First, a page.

Jackson, Shirley, 1916–65, American writer, b. San Francisco. She is best known for her stories and novels of horror and the occult, rendered more terrifying because they are set against realistic, everyday backgrounds and are related in the most matter-of-fact manner, often with a touch of gallows humor. Her best-known work is “The Lottery,” a harrowing short story first published in the New Yorker in 1948 and widely anthologized since. Jackson's novels include The Haunting of Hill House (1959) and We Have Always Lived in the Castle (1962). The Magic of Shirley Jackson (1966), Come Along with Me (1968), and Just An Ordinary Day (1997) are collections of her stories; Let Me Tell You (2015) contains stories, essays, and other writings, most previously unpublished. Although she was long considered a serious and accomplished writer in the American Gothic tradition, she is now more widely recognized for her skill as a literary artist and for her portrayal of the conflict felt by mid-20th-century women who were artists but also wives and mothers. She was married to the critic Stanley Edgar Hyman.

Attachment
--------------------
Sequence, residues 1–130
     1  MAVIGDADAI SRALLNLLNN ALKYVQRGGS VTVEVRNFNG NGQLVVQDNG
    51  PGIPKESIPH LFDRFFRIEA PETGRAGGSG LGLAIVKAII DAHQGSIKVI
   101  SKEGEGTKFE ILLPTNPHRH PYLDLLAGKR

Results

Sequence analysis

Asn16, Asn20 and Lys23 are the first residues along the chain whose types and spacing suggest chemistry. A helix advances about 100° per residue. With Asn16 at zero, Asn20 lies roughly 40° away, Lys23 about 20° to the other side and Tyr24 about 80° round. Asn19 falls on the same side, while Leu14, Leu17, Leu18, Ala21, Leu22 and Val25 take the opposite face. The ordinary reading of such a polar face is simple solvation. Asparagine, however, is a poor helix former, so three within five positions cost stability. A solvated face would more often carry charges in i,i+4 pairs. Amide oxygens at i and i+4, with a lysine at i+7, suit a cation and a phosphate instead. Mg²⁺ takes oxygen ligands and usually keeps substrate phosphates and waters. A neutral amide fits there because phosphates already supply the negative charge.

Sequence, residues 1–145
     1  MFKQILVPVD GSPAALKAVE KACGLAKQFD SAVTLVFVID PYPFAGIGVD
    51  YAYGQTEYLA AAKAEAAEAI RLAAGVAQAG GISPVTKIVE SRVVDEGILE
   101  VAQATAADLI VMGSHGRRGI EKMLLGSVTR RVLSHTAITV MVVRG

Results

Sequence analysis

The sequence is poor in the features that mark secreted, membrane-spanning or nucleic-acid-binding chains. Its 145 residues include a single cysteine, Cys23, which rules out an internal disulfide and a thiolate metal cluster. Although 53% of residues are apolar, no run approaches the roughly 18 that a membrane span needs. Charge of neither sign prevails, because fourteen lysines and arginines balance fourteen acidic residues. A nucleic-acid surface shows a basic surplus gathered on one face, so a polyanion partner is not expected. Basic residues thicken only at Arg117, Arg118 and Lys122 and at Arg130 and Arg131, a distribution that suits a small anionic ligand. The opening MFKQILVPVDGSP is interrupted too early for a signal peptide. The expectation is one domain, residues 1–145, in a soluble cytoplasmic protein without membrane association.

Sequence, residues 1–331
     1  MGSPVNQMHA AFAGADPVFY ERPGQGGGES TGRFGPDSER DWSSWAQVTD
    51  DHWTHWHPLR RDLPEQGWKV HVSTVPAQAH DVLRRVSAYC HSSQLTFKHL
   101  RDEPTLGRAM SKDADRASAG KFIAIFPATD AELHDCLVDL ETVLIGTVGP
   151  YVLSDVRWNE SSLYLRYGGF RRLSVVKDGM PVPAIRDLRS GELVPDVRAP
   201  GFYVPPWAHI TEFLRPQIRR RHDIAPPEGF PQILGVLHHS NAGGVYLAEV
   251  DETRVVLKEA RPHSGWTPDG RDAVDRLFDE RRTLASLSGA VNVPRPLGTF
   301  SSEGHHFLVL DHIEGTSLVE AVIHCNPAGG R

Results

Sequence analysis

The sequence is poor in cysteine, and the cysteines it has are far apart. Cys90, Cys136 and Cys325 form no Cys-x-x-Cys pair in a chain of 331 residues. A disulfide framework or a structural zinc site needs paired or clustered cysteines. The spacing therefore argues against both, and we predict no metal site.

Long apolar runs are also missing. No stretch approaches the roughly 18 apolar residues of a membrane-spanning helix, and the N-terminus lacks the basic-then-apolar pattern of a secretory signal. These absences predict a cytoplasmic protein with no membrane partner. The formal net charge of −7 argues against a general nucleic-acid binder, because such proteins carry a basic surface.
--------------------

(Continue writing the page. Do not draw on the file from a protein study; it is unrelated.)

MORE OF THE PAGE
See Shirley Jackson: Novels and Stories (2010), ed. by J. C. Oates; biographies by J. Oppenheimer (1988) and R. Franklin (2016); studies by L. Friedman (1975), J. W. Hall (1993), H. Bloom, ed. (2001), D. Hattenhauer (2003), B. M. Murphy, ed. (2005), and C. Haines (2007); bibliography by P. N. Reinsch (2001).
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